Published on November 1, 2014
BRAC’s approach to poverty alleviation is based on a simple, and extremely effective, idea: that families experiencing the harshest forms of poverty are capable of lifting themselves out of those circumstances, for good. We saw this powerful idea come to life firsthand when we visited families in Bangladesh last fall who had participated in BRAC’s program.
This experience not only deepened our multi-year relationship with BRAC, but it helped us understand how to share what we had learned about the Graduation Approach with our friends and colleagues. We are gearing up for a big year in 2015 by renewing our commitment to the North American affiliate BRAC USA as well as the Collaborative to End Ultra Poverty.
A Learning Journey to Explore Extreme Poverty
We first learned about the Graduation Approach while on an Amplifier Strategies Learning Journey in India. We had a chance to travel to rural communities and learn from local organizations working to alleviate extreme poverty. A local microfinance institution, Bandhan, was one of the first organizations to take up BRAC’s proven methodology in India. It was the first time that any of the travelers from Erol or Amplifier had seen that level of poverty before. It was also the first time we had seen a solution that showed such promise for poverty reduction at a global scale. We knew we had to learn more about it.
In October, 2014 members of Erol Foundation traveled to Dhaka to visit BRAC headquarters and travel with BRAC program managers to both urban and rural program sites. Erol co-founder Julie Lépinard went with a select group of other current and potential donors on the Learning Journey, led by Amplifier Strategies. The trip focused on three areas of learning and exploration related to the Graduation Approach: women & families, food & livelihood security, and social inclusion.
Urban Poverty & Maternal Health Centers
To better understand ultra poverty and how it affects women and families, we met with BRAC staff working in the urban settlements around Dhaka. We learned about the tenuous land claims there and the programs BRAC has put in place to bring stability and safety to these families while they learn enterprises and begin to save up for the future. One program, a maternal health center on rented land within the settlement, had helped to reduce unhygienic home births from 86% to less than 20%. The program included health care as well as counseling and confidence-building exercises to help create a behavior change among women living in the area. Staff would discuss options for everything from birth control and spacing out pregnancies to the pervasive issue of child marriage and spousal abuse.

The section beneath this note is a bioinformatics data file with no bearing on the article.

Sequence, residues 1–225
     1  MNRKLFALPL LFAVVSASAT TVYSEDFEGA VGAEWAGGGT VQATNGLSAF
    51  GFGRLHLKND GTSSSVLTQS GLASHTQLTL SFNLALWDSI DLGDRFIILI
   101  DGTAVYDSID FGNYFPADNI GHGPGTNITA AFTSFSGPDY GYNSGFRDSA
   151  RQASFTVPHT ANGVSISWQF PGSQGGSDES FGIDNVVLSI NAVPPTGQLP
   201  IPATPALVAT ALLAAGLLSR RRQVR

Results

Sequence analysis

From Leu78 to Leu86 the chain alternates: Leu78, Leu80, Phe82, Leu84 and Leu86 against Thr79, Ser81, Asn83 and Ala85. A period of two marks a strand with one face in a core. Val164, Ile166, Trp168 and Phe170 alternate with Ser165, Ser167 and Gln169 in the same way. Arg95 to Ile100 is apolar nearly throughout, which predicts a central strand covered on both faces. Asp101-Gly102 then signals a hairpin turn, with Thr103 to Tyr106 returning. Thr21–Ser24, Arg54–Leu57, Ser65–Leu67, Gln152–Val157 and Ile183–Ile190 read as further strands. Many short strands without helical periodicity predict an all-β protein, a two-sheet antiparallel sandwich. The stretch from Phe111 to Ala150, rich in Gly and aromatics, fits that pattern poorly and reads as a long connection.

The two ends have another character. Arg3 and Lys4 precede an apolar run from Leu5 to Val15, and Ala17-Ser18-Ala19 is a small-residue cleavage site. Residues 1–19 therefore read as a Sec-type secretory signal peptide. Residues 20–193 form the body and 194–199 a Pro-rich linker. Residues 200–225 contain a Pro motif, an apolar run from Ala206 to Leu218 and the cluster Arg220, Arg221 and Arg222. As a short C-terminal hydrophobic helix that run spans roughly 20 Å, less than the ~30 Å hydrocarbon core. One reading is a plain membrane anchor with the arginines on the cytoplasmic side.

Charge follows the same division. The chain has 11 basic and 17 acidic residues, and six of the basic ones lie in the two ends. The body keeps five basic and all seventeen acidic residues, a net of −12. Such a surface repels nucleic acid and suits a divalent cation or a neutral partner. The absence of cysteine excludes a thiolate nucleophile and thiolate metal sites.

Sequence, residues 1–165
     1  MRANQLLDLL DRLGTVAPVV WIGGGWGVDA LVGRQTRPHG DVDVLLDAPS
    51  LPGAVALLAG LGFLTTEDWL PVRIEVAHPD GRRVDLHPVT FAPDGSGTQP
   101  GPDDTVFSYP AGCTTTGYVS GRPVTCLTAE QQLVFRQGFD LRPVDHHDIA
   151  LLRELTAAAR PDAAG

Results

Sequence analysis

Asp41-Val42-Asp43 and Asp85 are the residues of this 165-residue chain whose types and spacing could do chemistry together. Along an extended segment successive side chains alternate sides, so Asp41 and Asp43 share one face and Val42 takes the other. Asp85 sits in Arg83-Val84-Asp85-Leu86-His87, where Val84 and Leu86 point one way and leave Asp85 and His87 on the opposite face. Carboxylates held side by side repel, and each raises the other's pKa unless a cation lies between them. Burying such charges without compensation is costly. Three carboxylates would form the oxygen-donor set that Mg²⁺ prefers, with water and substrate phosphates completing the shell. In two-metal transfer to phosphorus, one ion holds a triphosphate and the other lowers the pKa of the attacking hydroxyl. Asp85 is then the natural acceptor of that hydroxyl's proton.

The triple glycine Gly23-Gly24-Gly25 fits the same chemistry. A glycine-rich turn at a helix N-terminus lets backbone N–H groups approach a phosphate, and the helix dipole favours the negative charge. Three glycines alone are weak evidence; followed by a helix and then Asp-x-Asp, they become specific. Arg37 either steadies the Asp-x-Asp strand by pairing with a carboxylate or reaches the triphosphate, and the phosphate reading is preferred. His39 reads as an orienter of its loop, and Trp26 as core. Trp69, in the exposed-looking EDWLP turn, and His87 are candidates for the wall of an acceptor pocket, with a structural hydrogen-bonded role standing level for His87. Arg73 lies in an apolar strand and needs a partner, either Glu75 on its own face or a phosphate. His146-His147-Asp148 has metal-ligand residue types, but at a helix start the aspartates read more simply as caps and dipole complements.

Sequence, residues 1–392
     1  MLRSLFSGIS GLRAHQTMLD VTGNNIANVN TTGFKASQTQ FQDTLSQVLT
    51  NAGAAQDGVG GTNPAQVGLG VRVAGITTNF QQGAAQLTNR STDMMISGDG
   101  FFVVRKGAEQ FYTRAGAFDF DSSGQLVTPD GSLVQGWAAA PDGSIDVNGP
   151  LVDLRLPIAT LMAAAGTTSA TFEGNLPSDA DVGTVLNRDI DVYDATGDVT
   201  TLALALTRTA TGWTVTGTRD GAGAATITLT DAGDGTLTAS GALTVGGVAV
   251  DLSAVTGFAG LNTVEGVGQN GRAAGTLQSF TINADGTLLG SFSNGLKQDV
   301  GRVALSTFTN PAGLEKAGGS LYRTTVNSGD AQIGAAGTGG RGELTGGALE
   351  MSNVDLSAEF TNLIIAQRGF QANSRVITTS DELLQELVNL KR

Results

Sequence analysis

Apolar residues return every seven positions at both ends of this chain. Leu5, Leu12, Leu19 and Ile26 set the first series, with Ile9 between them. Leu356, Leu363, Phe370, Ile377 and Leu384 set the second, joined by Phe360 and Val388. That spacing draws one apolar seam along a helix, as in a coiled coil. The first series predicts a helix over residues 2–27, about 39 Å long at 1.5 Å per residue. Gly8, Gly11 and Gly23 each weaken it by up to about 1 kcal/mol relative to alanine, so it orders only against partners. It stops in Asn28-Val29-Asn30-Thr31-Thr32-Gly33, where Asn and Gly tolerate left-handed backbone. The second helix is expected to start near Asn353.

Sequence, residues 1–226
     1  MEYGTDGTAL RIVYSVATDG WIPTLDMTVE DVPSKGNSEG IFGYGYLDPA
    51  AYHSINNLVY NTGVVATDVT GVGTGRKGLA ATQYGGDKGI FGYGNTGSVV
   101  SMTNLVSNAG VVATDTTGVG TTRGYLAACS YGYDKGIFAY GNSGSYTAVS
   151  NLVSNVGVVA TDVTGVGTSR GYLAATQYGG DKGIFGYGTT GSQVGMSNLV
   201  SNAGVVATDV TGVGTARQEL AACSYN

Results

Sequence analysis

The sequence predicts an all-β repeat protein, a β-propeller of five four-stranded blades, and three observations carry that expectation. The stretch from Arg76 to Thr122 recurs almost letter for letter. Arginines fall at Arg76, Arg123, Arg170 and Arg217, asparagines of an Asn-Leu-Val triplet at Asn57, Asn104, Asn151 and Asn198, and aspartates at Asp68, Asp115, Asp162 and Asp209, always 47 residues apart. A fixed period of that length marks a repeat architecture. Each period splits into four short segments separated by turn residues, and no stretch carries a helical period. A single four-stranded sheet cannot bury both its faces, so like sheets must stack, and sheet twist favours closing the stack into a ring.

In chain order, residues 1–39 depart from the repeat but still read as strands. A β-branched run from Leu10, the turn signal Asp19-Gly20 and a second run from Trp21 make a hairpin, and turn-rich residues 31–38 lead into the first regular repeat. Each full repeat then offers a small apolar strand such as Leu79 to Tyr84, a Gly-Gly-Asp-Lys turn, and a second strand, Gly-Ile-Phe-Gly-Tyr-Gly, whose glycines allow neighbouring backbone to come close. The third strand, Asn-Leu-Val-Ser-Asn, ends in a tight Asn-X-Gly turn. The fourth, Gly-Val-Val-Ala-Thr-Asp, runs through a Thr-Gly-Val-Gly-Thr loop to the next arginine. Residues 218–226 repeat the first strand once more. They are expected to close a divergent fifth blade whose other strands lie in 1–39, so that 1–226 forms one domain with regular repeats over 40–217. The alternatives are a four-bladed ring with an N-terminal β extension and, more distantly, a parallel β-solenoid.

Rural Poverty & Weekly Home Visits
We also traveled to northern Bangladesh, where we learned about the insecurity and exclusion very poor families go through, and how living in rural communities intensifies their experience. Physically and socially isolated, women who head ultra poor families lack self-confidence and the ability to plan or envision a better future. BRAC’s weekly staff visits to ultra poor households were a crucial part of the program that clearly supported families in their pathway out of poverty.
Each time the Learning Journey group arrived in a new village to see the Graduation program participants, we saw the way the community acknowledged the program as a positive addition, or force for change, within the village. Most quite literally opened their arms and their doors to us when we arrived. After visiting homes where families were just starting out with the program, those who were part way through, and then meeting with others who had “graduated,” we could see a noticeable change in the demeanor of the women.
“You can tell every time you ask them about their life they get very emotional…because they remember about their past, their family and all their suffering, and you can tell that it’s quite recent for them,” said Julie Lépinard about her experience. “But then they have someone who believes in them, trains them, educates them and checks on them every week. This holistic approach gives them the hope they need to succeed, and they slowly start to form some dreams for their future.”
Opportunities to Engage
At the end of the week-long Learning Journey, we came away with a broader understanding of how the Graduation Approach worked on the ground, and how even the most extreme forms of poverty can be undone. All of us at Erol Foundation are interested in the potential for scaling of this much-needed solution. The World Bank and the United Nations agree that it is possible to end extreme poverty by 2030, but that kind of global shift will undoubtedly need the support and coordinated action of governments, organizations, and donors.
While on location with BRAC in Bangladesh, we learned that the organization has the operational capacity to put 80,000 families into the Graduation program each year. But this year, they are enrolling about half that. The main reason for this disparity, they said, was funding.
BRAC has big plans in the coming years to increase awareness and uptake of the Graduation Approach globally by working with funding partners and implementing organizations in the least developed countries. Erol will continue to follow the progress of this expansion, and we hope to engage additional partners to join us in the Collaborative to End Ultra Poverty as we continue to learn about where philanthropic investments can help alleviate poverty and catalyze positive change.